or unpredictable may happen. However we can say that in general
this is not the case in Poland. This is not a dangerous country
and it is not unsafe for tourists than any other countries in Europe.
There are just a few of the simple, straightforward common sense rules which if followed will reduce the risk of problems arising for
travelers. Just be that little bit more careful, be aware, be prepared
and most of all, enjoy.
Basic personal security: take special care of yourself and your
belongings in crowded places such as railway stations, popular
museums, popular tourist buses or trams. Watch your luggage and
keep all valuables and documents in inner pockets. . be careful
when paying for tickets in railway stations or museums. These are
high risk pick pocketing moments. . do not keep all your money,
credit cards or documents in one place. . do not manifest your
cosmically super-duper new camera to people who might be
interested in acquiring it when it is obvious you do not really want to
part with it. . avoid offensive groups of young people. If you see
a group of people coming towards you, if they are loud and probably
drunk, avoid them by crossing to the other side of the street. It's not
a cowardly solution, it's just wise. . do not go out at night alone.
. do not take all your money and credit cards with you when going
out. Leave some in the hotel safe. . do not become too intimate with
strangers you meet in a bar or disco. Do not tell everybody which
hotel you are staying in. Be modest when talking about money and
your financial status. . think twice before inviting a stranger to your
hotel room. . try not to travel alone in a train compartment. If it is
possible join a compartment where people are already present.
. note the address and telephone number of your Embassy. Be sure
you know where to go or who to contact in case of an accident
or any other problem.
Theft and accidents should be reported to the police and the hotel
management if the incident takes place in a hotel. Have proper
insurance cover for all events and make sure the paper work for
any loss or accident is correctly completed to be able to claim for
damages when you return home. Prior to leaving on a trip make
sure you understand how and what your insurance covers.
Today in the larger Polish cities a certain respect for different
preferences has been acknowledged. There is a gay community and
practically no one objects. There are occasional campaigns
organized to explain and to make people aware of the minorities
situation and rights they want and need to get. Most people have
heard of the annual Equality Parade in Warsaw (June) and the
counter demonstration which brings out people to protest
sometimes rather aggressively against the gay parade. But every
year the numbers of pro gay supporters, themselves not necessarily
gay, increases. They join the ranks of the gay and tolerance party to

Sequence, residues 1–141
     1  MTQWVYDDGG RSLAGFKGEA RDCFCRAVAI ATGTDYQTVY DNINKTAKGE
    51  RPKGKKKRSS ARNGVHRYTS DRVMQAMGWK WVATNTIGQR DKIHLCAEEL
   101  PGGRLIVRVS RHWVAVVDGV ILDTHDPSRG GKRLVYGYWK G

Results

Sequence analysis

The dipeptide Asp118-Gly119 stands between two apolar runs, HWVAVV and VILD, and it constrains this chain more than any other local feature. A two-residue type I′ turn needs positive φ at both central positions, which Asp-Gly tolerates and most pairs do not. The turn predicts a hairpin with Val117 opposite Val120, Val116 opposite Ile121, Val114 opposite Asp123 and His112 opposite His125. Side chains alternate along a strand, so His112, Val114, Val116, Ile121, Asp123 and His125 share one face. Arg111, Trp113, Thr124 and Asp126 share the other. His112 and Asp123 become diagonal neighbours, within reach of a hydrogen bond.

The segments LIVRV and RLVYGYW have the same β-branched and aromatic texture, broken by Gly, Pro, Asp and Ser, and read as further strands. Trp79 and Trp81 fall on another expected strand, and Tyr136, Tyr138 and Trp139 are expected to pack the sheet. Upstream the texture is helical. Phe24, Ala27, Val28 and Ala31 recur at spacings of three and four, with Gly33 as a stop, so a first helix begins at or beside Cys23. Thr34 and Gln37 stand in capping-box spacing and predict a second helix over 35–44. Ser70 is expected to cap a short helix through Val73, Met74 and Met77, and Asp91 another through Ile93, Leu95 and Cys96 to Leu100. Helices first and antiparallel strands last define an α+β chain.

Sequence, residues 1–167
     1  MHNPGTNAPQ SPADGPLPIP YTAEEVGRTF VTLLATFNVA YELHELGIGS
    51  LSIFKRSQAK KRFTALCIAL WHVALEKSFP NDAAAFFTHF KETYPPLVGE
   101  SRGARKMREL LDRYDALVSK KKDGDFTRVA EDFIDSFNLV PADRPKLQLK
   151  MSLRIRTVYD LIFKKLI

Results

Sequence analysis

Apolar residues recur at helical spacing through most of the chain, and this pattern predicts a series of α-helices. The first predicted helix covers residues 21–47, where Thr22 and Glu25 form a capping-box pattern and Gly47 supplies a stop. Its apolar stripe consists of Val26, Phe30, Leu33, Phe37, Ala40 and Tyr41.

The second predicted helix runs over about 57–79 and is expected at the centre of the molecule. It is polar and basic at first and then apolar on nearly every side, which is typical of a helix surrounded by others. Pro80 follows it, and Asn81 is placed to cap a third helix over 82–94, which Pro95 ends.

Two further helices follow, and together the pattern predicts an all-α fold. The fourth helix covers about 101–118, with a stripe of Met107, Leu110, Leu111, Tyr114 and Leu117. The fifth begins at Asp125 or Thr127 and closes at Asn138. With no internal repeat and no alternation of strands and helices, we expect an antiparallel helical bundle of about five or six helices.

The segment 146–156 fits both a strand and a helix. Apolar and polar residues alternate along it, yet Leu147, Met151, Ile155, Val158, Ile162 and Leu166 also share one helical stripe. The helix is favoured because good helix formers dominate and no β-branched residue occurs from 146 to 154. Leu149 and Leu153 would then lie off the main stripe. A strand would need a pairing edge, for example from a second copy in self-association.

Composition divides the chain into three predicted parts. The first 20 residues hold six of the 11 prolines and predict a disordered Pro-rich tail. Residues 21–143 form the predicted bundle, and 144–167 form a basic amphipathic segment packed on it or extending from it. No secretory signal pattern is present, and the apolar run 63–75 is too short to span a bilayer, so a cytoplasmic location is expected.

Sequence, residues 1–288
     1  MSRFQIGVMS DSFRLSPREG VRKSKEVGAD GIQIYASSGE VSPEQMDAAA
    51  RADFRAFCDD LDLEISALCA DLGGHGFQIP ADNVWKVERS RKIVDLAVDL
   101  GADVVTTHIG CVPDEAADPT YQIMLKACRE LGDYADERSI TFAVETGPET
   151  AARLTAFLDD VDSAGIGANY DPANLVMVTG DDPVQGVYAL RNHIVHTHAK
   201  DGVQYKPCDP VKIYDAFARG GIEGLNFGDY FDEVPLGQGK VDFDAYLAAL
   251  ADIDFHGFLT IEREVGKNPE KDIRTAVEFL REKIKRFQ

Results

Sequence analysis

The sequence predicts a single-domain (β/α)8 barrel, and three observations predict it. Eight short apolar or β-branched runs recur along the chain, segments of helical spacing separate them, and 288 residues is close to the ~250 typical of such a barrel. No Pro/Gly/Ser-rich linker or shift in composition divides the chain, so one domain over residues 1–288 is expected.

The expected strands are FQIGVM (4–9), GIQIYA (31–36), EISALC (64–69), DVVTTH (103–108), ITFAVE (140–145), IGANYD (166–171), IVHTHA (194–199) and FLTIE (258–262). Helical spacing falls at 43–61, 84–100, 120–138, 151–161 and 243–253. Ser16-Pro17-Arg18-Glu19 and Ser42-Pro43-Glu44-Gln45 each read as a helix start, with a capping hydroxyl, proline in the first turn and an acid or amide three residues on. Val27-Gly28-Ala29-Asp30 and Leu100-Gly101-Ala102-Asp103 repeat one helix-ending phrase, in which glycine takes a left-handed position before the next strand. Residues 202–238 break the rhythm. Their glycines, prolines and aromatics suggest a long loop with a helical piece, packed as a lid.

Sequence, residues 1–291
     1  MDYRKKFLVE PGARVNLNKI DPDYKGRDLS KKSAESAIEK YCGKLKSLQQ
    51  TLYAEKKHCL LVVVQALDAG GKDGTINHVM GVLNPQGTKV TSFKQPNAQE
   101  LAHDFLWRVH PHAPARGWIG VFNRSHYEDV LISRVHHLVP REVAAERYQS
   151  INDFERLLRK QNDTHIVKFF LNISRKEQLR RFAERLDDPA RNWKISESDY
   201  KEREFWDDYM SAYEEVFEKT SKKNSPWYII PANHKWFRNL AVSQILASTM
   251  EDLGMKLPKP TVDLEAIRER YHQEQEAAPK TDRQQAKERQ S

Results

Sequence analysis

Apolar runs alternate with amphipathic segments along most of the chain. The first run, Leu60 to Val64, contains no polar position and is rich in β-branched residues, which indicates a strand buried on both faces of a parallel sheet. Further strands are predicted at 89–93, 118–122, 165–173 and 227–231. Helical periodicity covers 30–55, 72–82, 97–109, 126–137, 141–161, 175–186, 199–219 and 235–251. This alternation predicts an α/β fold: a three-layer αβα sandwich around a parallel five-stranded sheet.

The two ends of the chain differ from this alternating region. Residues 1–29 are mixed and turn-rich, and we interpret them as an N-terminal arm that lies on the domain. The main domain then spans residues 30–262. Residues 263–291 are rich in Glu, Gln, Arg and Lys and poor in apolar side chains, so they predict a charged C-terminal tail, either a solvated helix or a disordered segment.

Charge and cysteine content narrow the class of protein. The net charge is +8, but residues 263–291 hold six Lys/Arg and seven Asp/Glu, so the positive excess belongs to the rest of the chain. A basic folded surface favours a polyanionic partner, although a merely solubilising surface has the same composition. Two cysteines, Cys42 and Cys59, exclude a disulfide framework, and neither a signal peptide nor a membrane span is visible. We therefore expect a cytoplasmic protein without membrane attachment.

show their willingness to support gay people in their fight for their
rights. But let us not exaggerate. There's no gay bashing in this
country. Do not be afraid of visiting Poland because you are gay.
Just bear in mind when you are here that you are not in
The Netherlands and the situation in Polish cities cannot be
compared to that found in London's Soho or Madrid's Chueca.
It is forbidden to smoke in public places such as railway stations,
airports, department stores, shops, any forms of public transportation,
cinemas, waiting rooms, bus stops (nobody respects that), banks and
all places of a similar public nature. Any violation of the above
restrictions can lead to a fine or ejection from the premises by
security, or both. Smoking is allowed in restaurants, summer gardens,
pubs and clubs if not marked no smoking zone.
The quality and taste of tap water in Poland is not very good. When
boiled, no problem, but drunk directly from the tap it's often quite
strange in taste and sometimes not very good for you. Just have
a bottle of mineral water with you all the time. The good news is
that you can buy mineral water almost everywhere, including small
kiosks, so don't worry you won't dry out.
It has changed a lot since the good old bad days when everything
had to be tipped. Today it is understood that you tip because the
service was good, or you want to tip. So if you were satisfied with
the service leave a tip. However you have to bear in mind that
catering staff, restaurants, clubs, etc are paid a very minimum
wage. So if you think it was worth it, add 10% to the bill as a tip
and try to pay it cash to your waiter or waitress. If the service and
atmosphere has been very good you can even add more.
A tip for handling your luggage, taking it up to your room etc,
or any other small service in a 2, 3 star hotel is 5 zł. In a 5 star
hotel you can tip 10 zł. And the rules are the same, no effort no tip.
When paying for a taxi, round up the bill. Generally taxi drivers do not
expect to be tipped. So if you do the driver will be surprised, and happy.